Republican state representative Nick Marshall will try to impeach Governor Jay Nixon after he ordered the Missouri Department of Revenue to allow legally married same-sex to file joint tax returns.
Marshall says his decision is about protecting the Missouri constitution, which forbids gay marriage, and not about targeting LGBT couples.
"If Missouri were a state that allowed gay marriage, we wouldn't be having this conversation. But it's not," says Beth Peters, Marshall's legislative assistant. "What is the point of voting if however you vote is going to be circumvented [by an executive order]?"
Marshall, who represents a county north of Kansas City, threw down the gauntlet on Facebook:
Peters says Nixon's latest executive order follows a disturbing trend of Nixon ignoring the state's constitution. She points to two other examples -- Missouri's rejection of the REAL ID act of 2005 and the release of the names of gun-permit holders to government agencies -- as times when Nixon's approach conflicted with state law.
"This is strike three," Peters says.
Read about strikes one and two after the jump.
Strike one started in 2009, when Missouri rejected a federal proof-of-identity law known as the REAL ID Act that would have required Missouri to keep copies of personal documents, like birth certificates or concealed gun permits. The anti-terrorism law drew privacy concerns from many, leading twelve states to reject the law before Missouri's vote.
But after rejecting the law, Missouri began scanning and saving some documents in a way that came close to the REAL ID act -- too close for Marshall's comfort.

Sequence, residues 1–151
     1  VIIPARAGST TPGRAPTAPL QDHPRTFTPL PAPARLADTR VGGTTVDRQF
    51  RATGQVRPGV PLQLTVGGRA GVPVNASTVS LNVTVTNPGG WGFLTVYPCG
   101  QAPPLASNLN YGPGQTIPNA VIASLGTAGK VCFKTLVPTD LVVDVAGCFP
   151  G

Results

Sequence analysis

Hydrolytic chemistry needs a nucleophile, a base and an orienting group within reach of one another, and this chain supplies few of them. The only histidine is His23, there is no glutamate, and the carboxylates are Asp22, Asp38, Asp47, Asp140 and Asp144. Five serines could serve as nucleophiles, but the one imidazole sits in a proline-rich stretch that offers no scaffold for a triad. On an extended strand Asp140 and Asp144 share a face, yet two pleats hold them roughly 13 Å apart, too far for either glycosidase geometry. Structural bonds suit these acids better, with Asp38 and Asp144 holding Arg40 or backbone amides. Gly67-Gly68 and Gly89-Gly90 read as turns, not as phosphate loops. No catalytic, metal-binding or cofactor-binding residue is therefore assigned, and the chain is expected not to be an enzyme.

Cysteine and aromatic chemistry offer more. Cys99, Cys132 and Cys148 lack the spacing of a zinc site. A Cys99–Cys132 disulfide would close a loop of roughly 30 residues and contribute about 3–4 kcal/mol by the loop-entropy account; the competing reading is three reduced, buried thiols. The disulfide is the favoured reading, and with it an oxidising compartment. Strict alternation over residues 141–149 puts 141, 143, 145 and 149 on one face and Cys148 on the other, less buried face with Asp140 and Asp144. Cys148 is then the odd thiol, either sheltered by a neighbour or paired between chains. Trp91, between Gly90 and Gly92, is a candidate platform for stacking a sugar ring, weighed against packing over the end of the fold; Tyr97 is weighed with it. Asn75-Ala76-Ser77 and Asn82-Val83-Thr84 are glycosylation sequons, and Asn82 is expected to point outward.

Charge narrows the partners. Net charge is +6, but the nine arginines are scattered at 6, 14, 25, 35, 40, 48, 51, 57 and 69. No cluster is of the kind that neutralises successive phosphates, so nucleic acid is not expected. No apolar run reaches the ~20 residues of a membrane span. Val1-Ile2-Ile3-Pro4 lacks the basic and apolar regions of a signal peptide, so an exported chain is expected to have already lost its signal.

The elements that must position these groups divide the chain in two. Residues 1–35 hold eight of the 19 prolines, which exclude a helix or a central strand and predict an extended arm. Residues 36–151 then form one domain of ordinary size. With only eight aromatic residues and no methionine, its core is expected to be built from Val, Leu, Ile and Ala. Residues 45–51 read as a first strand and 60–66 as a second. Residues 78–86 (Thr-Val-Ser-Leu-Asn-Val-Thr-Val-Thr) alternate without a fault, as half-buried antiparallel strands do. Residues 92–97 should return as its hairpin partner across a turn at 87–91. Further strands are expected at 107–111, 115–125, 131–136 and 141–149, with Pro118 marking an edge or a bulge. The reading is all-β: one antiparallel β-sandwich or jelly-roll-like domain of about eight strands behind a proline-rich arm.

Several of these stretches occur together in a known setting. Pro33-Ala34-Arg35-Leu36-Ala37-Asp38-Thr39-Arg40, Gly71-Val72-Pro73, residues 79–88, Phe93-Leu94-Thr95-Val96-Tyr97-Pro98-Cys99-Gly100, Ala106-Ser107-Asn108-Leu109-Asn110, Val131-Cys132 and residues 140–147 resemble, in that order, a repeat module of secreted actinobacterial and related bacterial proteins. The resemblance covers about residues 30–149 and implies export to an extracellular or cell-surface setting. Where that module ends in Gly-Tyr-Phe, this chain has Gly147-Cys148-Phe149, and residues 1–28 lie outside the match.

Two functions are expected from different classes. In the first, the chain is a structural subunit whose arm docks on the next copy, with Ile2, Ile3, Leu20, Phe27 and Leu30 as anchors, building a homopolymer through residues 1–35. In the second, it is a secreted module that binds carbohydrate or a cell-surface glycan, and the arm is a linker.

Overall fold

"There's the spirit of the law, and then there's what the law actually does," Marshall said during a bipartisan investigation, according to the Missouri Times. "The spirit of the law was obviously to keep Missouri from complying with REAL ID, but you're trying to tell me right now that just because we are comparable with the law, that doesn't mean compliant. But to be comparable you undertook measures that compliance calls for, and that's what the law was trying to stop."
Marshall accused Nixon then of attempting to comply with REAL ID, a law Missouri had already rejected.
Strike two is all about guns.
Earlier this year, the Missouri Highway Patrol admitted to releasing the names of 163,000 concealed-weapon permit holders to federal agencies investigating a disability fraud.
Marshall sponsored a resolution and called on the governor to investigate and discipline the people responsible.
"As our governor took this same oath to protect both [the U.S. and Missouri] constitutions, he is mandated by law to abide by this duty and demonstrate that direct laws broken by executive officials will not be tolerated by our state," Marshall said.
Now, Marshall is applying his literal view of the constitution to Nixon's order allowing gay married couples to file joint taxes. The state constitution forbids gay marriage.
"What he's doing is pretty much illegal," Peters says, adding that Marshall's objections are constitutional, not personal.
"It has nothing to do with what people want to do in their personal lives."
But a federal ruling in August determined that legally married same-sex couples can file federal taxes jointly whether or not their state of residence recognizes their marriage, and the Missouri attorney general's office has announced that Nixon's order is in line with state law.
"You swore to uphold the constitution," Peters says to Nixon.
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